Personalities of the Buddhist Suttas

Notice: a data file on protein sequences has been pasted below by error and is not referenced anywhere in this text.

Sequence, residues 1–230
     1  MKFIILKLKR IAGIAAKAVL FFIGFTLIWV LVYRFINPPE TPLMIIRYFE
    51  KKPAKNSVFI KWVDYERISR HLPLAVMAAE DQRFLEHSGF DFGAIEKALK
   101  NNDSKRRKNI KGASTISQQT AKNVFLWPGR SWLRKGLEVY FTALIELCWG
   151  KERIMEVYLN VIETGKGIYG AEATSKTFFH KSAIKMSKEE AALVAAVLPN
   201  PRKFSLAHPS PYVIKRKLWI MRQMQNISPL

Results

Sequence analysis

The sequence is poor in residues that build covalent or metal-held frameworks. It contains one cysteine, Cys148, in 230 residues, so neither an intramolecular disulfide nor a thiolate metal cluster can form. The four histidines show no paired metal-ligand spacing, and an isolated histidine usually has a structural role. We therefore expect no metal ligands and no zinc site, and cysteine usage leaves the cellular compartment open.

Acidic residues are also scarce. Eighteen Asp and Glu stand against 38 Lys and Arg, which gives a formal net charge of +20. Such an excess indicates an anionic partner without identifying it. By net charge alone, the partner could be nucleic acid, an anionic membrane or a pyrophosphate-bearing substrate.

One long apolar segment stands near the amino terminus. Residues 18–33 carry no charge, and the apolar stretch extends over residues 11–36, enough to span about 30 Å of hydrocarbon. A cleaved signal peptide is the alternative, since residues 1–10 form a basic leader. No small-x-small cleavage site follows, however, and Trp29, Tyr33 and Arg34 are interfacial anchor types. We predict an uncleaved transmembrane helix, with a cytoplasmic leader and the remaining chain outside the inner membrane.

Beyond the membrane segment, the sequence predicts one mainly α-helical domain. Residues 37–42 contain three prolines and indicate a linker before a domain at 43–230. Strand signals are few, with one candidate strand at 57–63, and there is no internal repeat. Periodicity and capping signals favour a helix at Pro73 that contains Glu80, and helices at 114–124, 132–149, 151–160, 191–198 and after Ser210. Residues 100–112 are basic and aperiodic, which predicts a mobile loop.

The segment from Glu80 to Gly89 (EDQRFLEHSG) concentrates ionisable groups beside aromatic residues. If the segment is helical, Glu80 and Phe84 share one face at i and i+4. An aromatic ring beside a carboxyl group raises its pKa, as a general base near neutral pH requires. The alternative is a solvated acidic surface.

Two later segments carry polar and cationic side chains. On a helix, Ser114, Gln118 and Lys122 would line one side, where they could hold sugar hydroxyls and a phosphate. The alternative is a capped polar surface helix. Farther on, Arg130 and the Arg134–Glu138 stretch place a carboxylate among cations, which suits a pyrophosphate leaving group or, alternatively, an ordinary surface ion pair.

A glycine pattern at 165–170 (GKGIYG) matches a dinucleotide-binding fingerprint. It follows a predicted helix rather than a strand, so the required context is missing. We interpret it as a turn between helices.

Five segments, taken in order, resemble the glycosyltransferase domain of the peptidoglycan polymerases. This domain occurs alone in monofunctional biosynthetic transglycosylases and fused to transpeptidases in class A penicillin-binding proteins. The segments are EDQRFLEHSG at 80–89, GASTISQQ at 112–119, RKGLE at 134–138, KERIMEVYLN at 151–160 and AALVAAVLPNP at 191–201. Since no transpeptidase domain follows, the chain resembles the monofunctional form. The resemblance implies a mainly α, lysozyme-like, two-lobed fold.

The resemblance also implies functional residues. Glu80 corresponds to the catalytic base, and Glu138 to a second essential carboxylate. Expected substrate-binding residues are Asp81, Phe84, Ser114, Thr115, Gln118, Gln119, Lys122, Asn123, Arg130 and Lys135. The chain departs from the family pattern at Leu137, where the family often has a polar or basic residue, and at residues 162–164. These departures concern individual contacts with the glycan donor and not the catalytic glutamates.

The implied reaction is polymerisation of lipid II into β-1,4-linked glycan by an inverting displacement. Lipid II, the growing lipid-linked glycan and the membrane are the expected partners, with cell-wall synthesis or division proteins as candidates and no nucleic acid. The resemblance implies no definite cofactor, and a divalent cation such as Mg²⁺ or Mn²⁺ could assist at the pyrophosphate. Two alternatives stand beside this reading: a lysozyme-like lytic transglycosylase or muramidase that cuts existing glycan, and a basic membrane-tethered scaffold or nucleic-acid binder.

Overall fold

(DPPN: She was born of a nurse in the house of the banker Ghosita, and later became a slave of Queen Samavati. The queen gave her daily the eight pieces of money allowed to her by the king for the purchase of flowers. Khujjuttara bought flowers with four pieces from the gardener Sumana, the remaining four pieces she kept. One day the Buddha visited Sumana, and Khujjuttara, having heard the Buddha preach to him, became a sotapanna. That day she spent the whole amount on flowers. The queen asked her how she had obtained so many, and she told her the whole story. From that time Samavati showed Khujjuttara all honor, bathed her in perfumed water, and heard the Dhamma from her. Khujjuttara became, as it were, a mother to Samavati, and going regularly to hear the Dhamma, would return and preach it to her and her five hundred attendant women. Under the instruction of Khujjuttara they all became sotapannas. When Samavati expressed a desire to see the Buddha, Khujjuttara suggested that she should pierce holes in the walls of the palace and gaze on the Buddha as he passed along the street. After the death of Samavati, Khujjuttara seems to have spent all here time in religious works, listening to the preaching of the Dhamma. The Buddha declared her foremost among lay women by reason of her extensive knowledge (bahussutanam).